There are some forces of nature you just can’t predict. Tornados, flooding, earthquakes—they’re not personal, they just happen. And no matter what you do, there’s nothing you can do to actually prevent the ground from rumbling. The only thing you can do is prepare and hope you can avoid them.
“Black swans” (events of occurrences that deviate beyond normal expectations and are difficult to predict) can happen. Markets can tumble. Investors can go under. New products can launch that render yours unimportant. Many factors go into success. And sometimes it can only take a strange occurrence to throw you off the path to success.
So how do you avoid a problem you can’t even see coming?
According to the MIT Sloan Management Review, your best safety precaution is, perhaps not surprisingly given the source, data. And not just some figures or models to back up what you want to do. Their research suggests “by exploiting many types of data, managers can help prevent (or at least contain) the damage related to black swan events and other risky blind spots.” Sounds hopeful, right? Not so fast. It’s going to require a little work.
Not Experience or Intuition
The Sloan study found that—contrary to popular belief—business experience did little to help people avoid being blindsided. That can be tough news to hear if you’re someone who’s put in years of work and knows his industry inside and out. And intuition won’t get you far either no matter how much you like to listen to your gut.
Rely on the Data
What is effective, according to the Sloan study, is integrated data that will point out potential risks. In fact, in laying out the stages of risk analysis, researchers found that only data yielded more reliable results than anything else.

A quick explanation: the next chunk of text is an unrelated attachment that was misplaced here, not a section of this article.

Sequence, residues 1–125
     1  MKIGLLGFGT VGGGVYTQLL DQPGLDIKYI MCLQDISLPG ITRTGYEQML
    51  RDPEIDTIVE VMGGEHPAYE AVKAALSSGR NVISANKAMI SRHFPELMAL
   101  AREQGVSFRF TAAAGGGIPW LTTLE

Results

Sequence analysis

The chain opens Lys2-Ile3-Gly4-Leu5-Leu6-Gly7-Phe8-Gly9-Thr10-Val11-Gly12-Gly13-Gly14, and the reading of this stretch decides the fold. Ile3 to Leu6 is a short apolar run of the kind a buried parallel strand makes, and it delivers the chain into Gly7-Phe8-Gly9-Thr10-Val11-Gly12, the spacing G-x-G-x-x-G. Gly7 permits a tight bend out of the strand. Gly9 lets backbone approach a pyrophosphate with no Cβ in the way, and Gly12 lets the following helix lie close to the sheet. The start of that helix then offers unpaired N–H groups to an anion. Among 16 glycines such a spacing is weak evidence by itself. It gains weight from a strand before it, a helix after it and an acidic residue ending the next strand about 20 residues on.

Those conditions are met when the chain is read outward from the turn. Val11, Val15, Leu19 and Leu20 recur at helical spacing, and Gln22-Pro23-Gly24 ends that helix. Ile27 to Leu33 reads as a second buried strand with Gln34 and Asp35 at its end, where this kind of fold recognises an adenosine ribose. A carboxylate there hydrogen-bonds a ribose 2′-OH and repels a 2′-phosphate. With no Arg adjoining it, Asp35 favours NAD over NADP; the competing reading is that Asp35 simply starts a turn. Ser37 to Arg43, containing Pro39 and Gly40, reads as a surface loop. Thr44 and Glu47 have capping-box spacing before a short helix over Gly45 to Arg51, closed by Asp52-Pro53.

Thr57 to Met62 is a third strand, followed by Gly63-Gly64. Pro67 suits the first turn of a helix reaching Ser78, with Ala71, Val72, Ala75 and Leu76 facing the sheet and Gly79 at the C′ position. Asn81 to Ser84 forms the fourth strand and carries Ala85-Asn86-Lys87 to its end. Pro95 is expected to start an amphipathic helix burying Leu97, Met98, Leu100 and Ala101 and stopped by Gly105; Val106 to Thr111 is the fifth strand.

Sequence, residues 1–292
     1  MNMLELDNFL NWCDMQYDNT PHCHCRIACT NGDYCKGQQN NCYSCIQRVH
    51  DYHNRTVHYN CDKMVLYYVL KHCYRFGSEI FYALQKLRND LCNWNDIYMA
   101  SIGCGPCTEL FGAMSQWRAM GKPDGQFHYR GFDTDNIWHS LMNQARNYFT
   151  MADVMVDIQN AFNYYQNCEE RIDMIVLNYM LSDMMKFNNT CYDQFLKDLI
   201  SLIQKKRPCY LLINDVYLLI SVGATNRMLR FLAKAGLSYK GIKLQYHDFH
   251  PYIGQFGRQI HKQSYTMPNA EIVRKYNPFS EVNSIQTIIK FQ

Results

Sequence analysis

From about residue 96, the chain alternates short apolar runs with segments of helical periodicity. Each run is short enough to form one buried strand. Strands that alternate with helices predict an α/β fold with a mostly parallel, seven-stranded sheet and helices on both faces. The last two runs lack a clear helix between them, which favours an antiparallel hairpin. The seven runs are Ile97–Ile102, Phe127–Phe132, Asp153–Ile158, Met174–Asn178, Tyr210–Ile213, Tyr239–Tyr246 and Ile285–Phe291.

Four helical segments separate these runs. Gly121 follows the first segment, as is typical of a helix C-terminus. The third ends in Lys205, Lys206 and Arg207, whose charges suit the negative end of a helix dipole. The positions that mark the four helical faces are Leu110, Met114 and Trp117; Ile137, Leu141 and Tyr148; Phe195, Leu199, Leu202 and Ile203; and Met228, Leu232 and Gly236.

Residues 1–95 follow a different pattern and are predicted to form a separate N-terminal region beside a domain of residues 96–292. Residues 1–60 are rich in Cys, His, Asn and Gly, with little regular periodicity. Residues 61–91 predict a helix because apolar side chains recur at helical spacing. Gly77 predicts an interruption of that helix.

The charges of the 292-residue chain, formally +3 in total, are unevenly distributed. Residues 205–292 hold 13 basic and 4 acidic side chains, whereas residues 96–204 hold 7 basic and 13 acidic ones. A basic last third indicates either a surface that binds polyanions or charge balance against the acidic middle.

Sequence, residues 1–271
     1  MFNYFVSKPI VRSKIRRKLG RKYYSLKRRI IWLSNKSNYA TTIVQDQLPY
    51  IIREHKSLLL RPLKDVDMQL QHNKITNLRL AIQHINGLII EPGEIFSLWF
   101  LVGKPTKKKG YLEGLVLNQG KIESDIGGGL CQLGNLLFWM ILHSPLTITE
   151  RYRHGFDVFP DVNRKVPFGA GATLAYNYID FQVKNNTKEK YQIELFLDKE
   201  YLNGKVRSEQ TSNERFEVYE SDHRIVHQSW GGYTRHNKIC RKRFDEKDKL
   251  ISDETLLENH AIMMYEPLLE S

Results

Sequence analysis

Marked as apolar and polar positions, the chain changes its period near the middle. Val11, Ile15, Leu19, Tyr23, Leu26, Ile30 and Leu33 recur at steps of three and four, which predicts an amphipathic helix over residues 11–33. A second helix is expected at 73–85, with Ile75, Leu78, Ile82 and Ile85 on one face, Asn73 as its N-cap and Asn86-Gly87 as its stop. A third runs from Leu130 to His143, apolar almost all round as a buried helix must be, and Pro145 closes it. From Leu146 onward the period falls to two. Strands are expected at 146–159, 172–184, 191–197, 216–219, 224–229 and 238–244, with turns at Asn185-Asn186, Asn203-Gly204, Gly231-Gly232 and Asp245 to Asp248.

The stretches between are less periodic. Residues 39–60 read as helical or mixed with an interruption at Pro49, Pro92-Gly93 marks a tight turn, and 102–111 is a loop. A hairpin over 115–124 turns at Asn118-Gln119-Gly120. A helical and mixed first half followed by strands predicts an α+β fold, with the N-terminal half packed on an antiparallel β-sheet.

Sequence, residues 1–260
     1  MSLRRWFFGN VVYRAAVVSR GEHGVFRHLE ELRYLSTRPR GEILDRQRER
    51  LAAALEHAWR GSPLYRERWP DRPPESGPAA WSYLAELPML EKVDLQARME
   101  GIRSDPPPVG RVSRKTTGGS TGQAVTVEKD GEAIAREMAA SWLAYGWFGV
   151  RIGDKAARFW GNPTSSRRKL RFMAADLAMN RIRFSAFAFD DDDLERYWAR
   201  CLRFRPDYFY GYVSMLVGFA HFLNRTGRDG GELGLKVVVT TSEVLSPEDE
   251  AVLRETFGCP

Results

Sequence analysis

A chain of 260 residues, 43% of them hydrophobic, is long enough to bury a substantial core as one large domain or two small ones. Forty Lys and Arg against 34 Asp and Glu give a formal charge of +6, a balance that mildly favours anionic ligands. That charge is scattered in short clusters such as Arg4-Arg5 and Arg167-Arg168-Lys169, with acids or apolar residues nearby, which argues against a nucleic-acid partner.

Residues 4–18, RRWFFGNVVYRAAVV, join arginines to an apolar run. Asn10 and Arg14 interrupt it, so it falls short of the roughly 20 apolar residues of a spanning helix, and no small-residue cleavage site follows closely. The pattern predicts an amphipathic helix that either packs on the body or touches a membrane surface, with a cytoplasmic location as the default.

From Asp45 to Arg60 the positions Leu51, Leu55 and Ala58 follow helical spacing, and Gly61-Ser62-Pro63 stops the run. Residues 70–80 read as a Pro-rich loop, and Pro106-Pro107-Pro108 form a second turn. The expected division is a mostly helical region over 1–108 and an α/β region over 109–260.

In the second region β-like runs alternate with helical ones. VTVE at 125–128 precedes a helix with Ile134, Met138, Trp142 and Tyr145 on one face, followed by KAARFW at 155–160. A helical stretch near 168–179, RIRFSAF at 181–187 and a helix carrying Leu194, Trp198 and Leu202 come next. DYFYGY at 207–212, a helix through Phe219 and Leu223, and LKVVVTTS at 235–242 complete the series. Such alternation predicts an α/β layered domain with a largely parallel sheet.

- Intuitive – no formal methods used.
- Qualitative – risk assessments are based on expert opinions
- Quantitative – some data is collected and used to derive Key Risk Indicators.
- Semantic – unstructured data, like log books or blogs reflecting user experience, is analyzed.
- Integrated – data from various sources is integrated into a coherent risk management system.
This list provides a ladder to understanding just how sophisticated your “black swan” contingency plan needs to be. And since, as the Sloane study says, “black swan events are ‘giving way to shades-of-grey’ swans”. Predictions like that are enough to start us planning no matter how distant the possibility may seem.
The Covid Pandemic derailed many of us in 2020. But now we know what our businesses can withstand. Take the time to prepare for the next black swan by developing a data driven business. You never know when a black swan may strike again.
To Your Continued Success,
Luis Raul Scott, Jr.